Monday, June 16, 2014
The Sox have scored a total of six runs combined in those four losses. In the three-game sweep at the hands of Kansas City, the South Siders went 3 for 32 with runners in scoring position. They stranded 13 runners alone in Sunday afternoon's 6-3 loss to the Royals.
Indeed, the Sox are struggling to knock in a big run right now. No single player is to blame for that. It's a team-wide problem. Overall, the Sox have been trending the wrong way offensively for about a month. They were the league's best offensive team in April, but they've since fallen to fifth in the league in runs scored (304) and seventh in runs per game (4.34).
Those are still respectable totals, especially coming off a 2013 season when the Sox scored the fewest runs in the American League. But, there's no question the offense was clicking early in the season much better than it is now.
Looking at some longer-term trends, there are two Sox hitters in particular who were good early in the season, but have fallen off a cliff over the past month or six weeks: outfielder Dayan Viciedo and catcher Tyler Flowers.
Let's look at the slash line splits for each of these two players.
Last 28 days: .154/.189/.220
Last 14 days: .100/.143/.125
Last 28 days: .136/.203/.305
Last 14 days: .042/.148/.167
Let's be fair: It was unrealistic to expect either Viciedo or Flowers to continue their April pace. Neither of them has enough talent to hit .300 over a 162-game season, let alone .350. A regression to the mean was expected. However, there's a difference between regressing to the mean and becoming a sinkhole.
Right now, Viciedo and Flowers are both sinkholes. When you have two guys who are hitting .100 or less over a two-week span, or .150 or less over a four-week span, that's like having to send your pitcher up to bat two times every time through the lineup. It's hard to win in the American League when you've got two players who just can't hit at all. Sometimes, you can cover up for one black hole at the bottom of your lineup, but certainly not two.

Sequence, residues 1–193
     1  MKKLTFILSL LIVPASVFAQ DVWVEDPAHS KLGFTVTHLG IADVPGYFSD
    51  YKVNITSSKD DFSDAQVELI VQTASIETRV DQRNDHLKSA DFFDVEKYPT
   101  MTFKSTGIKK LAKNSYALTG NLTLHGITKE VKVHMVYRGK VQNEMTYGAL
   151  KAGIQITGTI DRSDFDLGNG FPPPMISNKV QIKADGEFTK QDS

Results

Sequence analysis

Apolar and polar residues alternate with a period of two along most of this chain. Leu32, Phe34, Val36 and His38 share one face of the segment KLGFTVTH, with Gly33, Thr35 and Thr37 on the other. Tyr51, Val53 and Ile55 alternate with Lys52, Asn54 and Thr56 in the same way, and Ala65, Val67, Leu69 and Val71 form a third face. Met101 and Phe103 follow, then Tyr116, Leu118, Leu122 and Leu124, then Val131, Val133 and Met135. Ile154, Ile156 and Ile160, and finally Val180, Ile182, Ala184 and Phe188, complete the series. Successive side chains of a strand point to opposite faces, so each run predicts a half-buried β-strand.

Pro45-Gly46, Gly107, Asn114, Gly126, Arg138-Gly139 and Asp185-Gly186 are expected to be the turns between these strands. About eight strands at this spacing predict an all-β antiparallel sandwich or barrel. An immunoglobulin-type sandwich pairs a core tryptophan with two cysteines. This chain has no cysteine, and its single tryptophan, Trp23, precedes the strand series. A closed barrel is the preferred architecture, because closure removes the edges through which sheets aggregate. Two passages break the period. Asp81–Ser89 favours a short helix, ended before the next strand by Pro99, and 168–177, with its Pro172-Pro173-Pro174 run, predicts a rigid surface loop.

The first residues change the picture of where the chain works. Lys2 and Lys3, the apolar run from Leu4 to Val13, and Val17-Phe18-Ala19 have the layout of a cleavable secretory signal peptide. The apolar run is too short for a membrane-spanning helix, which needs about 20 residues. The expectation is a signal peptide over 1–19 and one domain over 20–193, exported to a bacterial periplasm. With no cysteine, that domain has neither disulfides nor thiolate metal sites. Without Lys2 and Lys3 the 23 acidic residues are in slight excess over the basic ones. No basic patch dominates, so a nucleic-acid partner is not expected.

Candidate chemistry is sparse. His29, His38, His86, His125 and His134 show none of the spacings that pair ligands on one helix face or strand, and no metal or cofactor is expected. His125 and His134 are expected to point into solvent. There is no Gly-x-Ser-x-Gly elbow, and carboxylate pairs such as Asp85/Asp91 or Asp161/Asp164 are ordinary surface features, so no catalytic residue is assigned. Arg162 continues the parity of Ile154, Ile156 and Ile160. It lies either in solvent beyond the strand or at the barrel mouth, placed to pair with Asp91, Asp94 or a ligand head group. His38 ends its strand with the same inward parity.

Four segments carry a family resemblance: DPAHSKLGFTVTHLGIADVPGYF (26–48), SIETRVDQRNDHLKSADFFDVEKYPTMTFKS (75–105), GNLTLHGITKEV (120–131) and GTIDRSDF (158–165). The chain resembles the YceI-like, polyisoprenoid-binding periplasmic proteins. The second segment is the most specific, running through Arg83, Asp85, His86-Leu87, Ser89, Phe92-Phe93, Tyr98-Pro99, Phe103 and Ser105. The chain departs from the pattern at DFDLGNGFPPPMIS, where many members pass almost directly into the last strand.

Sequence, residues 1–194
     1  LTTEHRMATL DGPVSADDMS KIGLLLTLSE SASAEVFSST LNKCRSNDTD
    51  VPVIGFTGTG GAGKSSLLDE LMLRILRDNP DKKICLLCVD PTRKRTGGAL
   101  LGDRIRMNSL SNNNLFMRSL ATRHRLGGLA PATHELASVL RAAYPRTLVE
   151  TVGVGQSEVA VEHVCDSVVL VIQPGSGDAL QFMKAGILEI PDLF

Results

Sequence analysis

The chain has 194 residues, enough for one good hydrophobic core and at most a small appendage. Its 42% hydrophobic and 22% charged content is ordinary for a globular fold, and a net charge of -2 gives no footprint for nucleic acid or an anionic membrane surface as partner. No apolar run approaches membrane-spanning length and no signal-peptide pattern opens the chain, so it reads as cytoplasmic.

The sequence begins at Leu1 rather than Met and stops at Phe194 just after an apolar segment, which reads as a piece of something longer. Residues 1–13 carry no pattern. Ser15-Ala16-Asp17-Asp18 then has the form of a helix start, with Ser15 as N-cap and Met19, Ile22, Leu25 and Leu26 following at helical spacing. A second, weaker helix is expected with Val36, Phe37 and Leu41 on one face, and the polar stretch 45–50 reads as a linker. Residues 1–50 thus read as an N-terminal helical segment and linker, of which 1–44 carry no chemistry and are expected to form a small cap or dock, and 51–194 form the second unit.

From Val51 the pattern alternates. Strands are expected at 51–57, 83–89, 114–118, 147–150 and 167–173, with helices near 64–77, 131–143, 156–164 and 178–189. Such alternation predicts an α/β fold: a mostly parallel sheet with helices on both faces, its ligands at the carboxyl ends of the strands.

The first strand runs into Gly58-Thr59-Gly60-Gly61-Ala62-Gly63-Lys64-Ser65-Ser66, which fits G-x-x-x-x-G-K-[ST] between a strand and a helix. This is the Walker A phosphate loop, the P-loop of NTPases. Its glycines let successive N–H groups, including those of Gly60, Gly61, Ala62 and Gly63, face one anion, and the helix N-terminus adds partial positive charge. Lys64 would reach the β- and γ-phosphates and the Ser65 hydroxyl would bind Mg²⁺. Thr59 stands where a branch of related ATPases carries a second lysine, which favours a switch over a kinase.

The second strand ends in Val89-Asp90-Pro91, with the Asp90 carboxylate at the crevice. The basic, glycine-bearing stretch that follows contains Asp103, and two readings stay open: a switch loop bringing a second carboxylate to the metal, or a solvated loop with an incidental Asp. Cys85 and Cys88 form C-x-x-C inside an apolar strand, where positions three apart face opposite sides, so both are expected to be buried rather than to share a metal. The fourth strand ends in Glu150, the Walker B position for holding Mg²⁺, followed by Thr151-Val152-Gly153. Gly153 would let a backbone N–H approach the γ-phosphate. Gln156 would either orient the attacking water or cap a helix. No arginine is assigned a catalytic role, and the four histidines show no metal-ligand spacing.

In Viciedo's case, he's missing a golden opportunity to make himself part of the Sox' future plans. The team was ready to move on from him as an everyday player at the start of the year. Viciedo was scheduled to platoon with Alejandro De Aza in left field when camp broke.
But then everything changed with right fielder Avisail Garcia went down with a season-ending shoulder injury the second week of April. Suddenly, opportunity presented itself for Viciedo. He's getting a chance to play every day and earn his way back into the Sox' good graces. For about two or three weeks in late April and early May, he was capitalizing on that chance. But the last four or five weeks, he's blowing it again -- one big swing-and-a-miss at a time.
Next year, Garcia is going to be back and there's isn't going to be a spot in the outfielder for the defensively challenged Viciedo. There is, however, an opening at designated hitter for the Sox in 2015. By then, Paul Konerko will be enjoying retirement, and presumably, Adam Dunn will be wearing a different uniform. Viciedo could fill that spot, but he has to hit to justify his presence on the roster. He can't field at all, so if he's not hitting, he's not helping. Right now, he's not helping.
In the case of Flowers, I can't say I'm surprised or disappointed he's stopped hitting. His approach at the plate has always been terrible. He had a month of flukish results in April, and now he's back to being the lousy hitter he's always been.
Apparently, the Sox' coaching staff believes Flowers does a good job of handling the pitching staff. At least there's that, if you're looking for a justification to keep him in the lineup. Unlike Viciedo, he might have some defensive value, although I've never been particularly impressed with Flowers' catch-and-throw ability.
The Sox have managed to hang around in the AL Central race to this point. Even now, they are only 5.5 games back entering Monday's play. People ask whether the Sox can contend this year, and I just don't see it.
This is team that has only three legitimate big-league starting pitchers. Their catcher is terrible, and they get little or no production from their corner outfield spots. I expect nothing offensively from Flowers. He's bad with the lumber in his hands. It is what it is.
Viciedo, on the other hand, really shouldn't be this terrible. If the light bulb suddenly goes on for him, the Sox will win more games than we might expect. But with each passing 0 for 4, it's hard to believe Viciedo is going to be anything other than a platoon player, or a weak starting player on a bad club.